Introduction: Hospitalized patients with COVID-19 may have increased risk of venous thromboembolism (VTE) and pulmonary embolism (PE). Cancer and anti-cancer therapies are well-known additional risk factors for VTE. Nonetheless, the VTE risk in patients with both cancer and COVID-19 infection remains unknown as recent studies have not found an association due to sample size limitations. We report the incidence of and risk factors for VTE and PE among hospitalized patients with cancer and COVID-19.Methods: The COVID-19 and Cancer Consortium (CCC19) developed an international retrospective cohort study (NCT04354701) to investigate the clinical course and complications of COVID-19 among adult patients with an active or previous history of cancer. For the current study, cumulative incidences of clinically detected VTE and PE were analyzed among hospitalized patients with laboratory confirmed SARS-CoV-2. Pre-specified subgroup analysis was performed to examine the interaction between intensive care unit (ICU) admission and recent anti-cancer therapy on VTE outcomes. Bivariable logistic regression analyses were conducted to assess the association between baseline variables and VTE;unadjusted odds ratios (OR) and 95% confidence interval (CI) were reported. These variables included age, sex, obesity (BMI>30), race/ethnicity, performance status, comorbidities, blood type, history of VTE, recent surgery, recent anti-cancer therapy, cancer subtype VTE risk grouping (adapted from Khorana Score), pre-admission anticoagulant or antiplatelet use, and ICU admission status.Results: From March 17, 2020 to July 31, 2020, 3914 patients were enrolled in the CCC19 registry. For the present analysis, patients were excluded if they had inadequate follow-up <4 weeks (n=950), were not admitted to the hospital (n=1008), or had unknown VTE outcomes (n=327). Among the 1629 hospitalized patients, the median follow-up was 35 days. Patients were comprised from 3 countries (92% US, 6% Canada, 2% Spain), with a median age of 70, 45% female, and a median comorbidity score of 3. Racial/ethnic breakdown included 44% White, 26% Black, 14% Hispanic, and 13% Other. A past history of VTE was reported in 9% of patients;pre-admission anticoagulant use and antiplatelet use were reported in 25% and 35% of patients, respectively. The most common cancer types included prostate (18%), breast (15%), and lymphoma (14%). Based on the VTE risk grouping adapted from the original Khorana Score, 34% were low-risk, 29% were high-risk, and 6% were very high-risk. The receipt of anti-cancer therapy within 3 months of diagnosis was observed in 39% of patients (17% cytotoxic chemotherapy, 11% targeted therapy, 7% endocrine therapy, and 5% immunotherapy).The overall incidence of inhospital VTE and PE was 9.3% and 5.2%, respectively. The corresponding estimates were 13.4% and 7.9% among the ICU subgroup. On bivariable analysis, significant predictors of VTE included ICU admission, recent anti-cancer therapy, active cancer status, cancer subtype VTE risk grouping, and pre-admission antiplatelet use (Table 1). Pre-admission anticoagulant use had significant associations with PE but not VTE. Multivariable adjustment is ongoing to identify independent risk factor for VTE and clarify the impact of pre-admission anticoagulant/antiplatelet use controlled for other potential confounders.Both ICU admission status and anti-cancer therapy increased the risk of VTE independently. Non-ICU patients not on anti-cancer therapy had the lowest incidence of VTE (4.5%), whose estimate was similar to that reported in the non-cancer hospitalized population with COVID-19 infection. Patients with either ICU admission or recent anti-cancer therapy had the intermediate risk (11.0%), whereas ICU patients with recent anti-cancer therapy had the highest risk (16.7%). We did not observe confounding or effect modification by the ICU subgroup on the association between anti-cancer therapy and VTE.Conclusion: In this cohort study of hospitalized patients with cancer and COVID-19, recent anti-cancer t erapy, active disease, high-risk VTE cancer subtypes, and ICU admission have increased risk of VTE and PE, while pre-admission anticoagulant/antiplatelet therapy may reduce the risk. This information will aid in developing a risk prediction tool for VTE in hospitalized patients with cancer and COVID-19.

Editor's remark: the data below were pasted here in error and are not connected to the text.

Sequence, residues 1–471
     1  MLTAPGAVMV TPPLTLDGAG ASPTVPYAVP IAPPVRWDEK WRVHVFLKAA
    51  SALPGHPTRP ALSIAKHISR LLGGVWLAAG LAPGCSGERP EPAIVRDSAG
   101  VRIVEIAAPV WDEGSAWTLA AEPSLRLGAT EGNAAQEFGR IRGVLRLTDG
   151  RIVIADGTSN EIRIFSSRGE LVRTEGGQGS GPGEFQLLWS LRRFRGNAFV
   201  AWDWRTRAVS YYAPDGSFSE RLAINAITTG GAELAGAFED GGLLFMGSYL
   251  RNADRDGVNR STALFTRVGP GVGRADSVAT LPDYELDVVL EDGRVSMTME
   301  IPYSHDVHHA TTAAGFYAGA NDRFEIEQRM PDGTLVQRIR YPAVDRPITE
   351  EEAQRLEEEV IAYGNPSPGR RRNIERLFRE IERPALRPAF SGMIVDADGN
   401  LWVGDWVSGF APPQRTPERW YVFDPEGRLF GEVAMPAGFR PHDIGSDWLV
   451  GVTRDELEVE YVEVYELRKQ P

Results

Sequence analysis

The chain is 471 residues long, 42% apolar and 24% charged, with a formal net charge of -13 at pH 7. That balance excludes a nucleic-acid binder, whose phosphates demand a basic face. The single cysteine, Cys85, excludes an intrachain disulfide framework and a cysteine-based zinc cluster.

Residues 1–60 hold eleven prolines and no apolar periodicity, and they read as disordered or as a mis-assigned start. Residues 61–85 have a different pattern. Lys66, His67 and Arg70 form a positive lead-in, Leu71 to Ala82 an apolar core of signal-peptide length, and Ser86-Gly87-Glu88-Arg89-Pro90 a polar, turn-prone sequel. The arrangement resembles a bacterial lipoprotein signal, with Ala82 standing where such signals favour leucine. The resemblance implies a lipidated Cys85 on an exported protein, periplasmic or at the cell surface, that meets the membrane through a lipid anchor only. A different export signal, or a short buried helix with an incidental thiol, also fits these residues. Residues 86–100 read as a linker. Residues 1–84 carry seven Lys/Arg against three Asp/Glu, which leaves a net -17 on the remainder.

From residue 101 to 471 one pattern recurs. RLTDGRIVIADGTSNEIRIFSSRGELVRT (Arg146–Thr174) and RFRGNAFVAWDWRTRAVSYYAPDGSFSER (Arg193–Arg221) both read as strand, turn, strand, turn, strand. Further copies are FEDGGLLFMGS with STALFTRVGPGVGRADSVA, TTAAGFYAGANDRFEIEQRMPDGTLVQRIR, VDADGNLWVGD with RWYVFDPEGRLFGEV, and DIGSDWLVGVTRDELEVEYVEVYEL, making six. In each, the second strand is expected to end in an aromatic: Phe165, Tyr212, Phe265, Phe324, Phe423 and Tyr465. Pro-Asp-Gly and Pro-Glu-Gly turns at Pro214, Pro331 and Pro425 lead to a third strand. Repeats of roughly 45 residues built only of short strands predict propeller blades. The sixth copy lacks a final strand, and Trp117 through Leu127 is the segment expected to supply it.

9.
J Thromb Haemost ; 19(10): 2522-2532, 2021 10.